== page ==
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Jon Talton

Analysis and commentary on economic news, trends and issues, with an emphasis on Seattle and the Northwest.

September 1, 2009 at 10:25 AM

Boeing’s best offense seems to be defense — but will it fly?

Top of the News: So let me get this straight. Boeing’s head shed is replacing the boss of the commercial airplanes unit, including the Much Delayed 787 Dreamliner program, with the man who presided over assorted blunders at its defense unit, including the loss of a tanker contract that continues to haunt the company. New boss Jim Albaugh is also supposed to return the critical division to its engineering roots, but his degree is in civil engineering. At least he liked watching contrails as a kid.

Nicely played. This is why shareholder advocates go crazy about entrenched management, self-dealing and insulated from accountability. Not surprisingly, Boeing shares are in negative territory today, admittedly in a larger market downdraft.

It’s blaspheme to say this in Seattle, but Boeing is one or two steps from being a Troubled Company. Not a General Motors. Not an AT&T circa 1990. No, troubled in its own special way.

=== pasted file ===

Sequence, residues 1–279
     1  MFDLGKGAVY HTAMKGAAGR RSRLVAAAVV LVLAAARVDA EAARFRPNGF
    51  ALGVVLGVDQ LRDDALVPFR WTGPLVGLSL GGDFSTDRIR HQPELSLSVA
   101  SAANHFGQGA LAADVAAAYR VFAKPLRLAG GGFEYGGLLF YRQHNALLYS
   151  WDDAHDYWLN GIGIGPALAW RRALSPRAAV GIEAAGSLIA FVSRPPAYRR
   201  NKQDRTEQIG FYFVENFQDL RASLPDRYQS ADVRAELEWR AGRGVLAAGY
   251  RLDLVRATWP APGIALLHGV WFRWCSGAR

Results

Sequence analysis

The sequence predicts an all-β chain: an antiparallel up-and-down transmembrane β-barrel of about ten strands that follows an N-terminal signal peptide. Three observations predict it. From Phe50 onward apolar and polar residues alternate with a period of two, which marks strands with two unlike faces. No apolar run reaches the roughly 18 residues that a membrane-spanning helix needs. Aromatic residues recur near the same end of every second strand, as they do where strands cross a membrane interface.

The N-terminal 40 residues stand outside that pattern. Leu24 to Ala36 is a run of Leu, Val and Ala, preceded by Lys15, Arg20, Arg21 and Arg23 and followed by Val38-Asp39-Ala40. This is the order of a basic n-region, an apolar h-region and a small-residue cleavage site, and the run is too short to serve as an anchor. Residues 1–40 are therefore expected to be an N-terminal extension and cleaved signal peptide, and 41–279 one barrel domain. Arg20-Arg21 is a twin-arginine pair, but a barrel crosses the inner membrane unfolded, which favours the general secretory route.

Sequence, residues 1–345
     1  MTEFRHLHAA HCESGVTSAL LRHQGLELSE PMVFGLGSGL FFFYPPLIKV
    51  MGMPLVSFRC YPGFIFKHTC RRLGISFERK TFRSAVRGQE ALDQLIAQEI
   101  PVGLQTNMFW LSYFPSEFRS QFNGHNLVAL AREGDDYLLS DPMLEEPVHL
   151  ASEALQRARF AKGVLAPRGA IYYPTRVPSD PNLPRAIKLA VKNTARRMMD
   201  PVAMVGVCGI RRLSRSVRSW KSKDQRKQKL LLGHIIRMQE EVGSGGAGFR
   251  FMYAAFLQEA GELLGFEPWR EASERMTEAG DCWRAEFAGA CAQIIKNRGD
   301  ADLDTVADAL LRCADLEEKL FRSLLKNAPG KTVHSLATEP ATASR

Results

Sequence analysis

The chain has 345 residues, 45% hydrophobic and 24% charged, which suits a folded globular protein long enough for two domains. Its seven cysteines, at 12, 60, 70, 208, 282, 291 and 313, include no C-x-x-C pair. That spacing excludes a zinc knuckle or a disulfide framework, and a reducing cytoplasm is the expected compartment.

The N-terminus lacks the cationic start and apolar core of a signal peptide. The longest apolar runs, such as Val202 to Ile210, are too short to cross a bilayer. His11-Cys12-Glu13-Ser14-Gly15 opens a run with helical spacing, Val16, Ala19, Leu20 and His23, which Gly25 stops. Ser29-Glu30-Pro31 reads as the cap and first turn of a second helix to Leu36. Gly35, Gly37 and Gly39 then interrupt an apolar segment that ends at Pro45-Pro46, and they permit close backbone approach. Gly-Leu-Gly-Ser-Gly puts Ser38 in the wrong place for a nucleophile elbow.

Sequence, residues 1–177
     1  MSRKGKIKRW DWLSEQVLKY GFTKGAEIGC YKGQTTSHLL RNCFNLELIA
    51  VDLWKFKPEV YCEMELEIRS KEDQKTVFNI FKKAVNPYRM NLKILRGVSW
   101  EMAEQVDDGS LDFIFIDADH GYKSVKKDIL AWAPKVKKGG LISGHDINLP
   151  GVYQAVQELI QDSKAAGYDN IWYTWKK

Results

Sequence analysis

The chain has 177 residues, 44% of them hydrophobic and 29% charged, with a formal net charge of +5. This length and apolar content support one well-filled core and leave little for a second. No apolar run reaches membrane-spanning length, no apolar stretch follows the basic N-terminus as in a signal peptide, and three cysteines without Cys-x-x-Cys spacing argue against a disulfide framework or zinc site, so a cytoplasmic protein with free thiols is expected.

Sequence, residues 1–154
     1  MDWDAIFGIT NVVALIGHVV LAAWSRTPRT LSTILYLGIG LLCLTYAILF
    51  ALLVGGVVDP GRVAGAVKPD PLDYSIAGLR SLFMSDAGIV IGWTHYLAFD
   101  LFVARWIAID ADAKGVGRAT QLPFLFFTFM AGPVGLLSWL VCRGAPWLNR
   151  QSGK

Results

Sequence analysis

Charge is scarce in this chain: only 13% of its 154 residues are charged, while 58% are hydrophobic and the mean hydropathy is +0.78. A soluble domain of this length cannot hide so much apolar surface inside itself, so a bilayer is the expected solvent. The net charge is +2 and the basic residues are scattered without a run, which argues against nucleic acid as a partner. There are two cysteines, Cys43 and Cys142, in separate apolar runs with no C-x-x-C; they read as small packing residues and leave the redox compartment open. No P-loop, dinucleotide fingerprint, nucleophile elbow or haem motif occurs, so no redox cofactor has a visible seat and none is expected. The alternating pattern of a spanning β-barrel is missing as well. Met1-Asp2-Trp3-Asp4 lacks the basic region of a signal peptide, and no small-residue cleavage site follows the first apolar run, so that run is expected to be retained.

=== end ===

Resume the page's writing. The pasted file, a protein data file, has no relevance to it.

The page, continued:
Mr. Albaugh has a very short window in which to turn this around. And he’s been dealt a bad hand. Boeing jumped into the Dreamliner with a risky strategy of highly advanced design, a do-it-on-the-cheap global supply chain (including that messed up South Carolina subcontractor, now part of the company), and executives who consistently tried to deflect accountability and take half-steps when leaps were necessary.

Continuing to bring defense executives into the commercial airplanes unit shows this loopy logic continues. Executives are mere interchangeable parts. The expertise of real commercial air people is not necessary. Thou sayest…

The Back Story: Economists Barry Eichengreen and Kevin O’Rourke have some interesting data comparing the recession to the Great Depression. The worst may have been sidestepped. But, like the Depression, the current downturn is global and conditions are worse than the U.S. in many countries. And, by many measures, the world economy is posting worse conditions than in the 1930s.

Today’s Econ Haiku:

Bernanke take two

The first chapter was scary

Bank on more to come

Comments | More in Aerospace/Boeing

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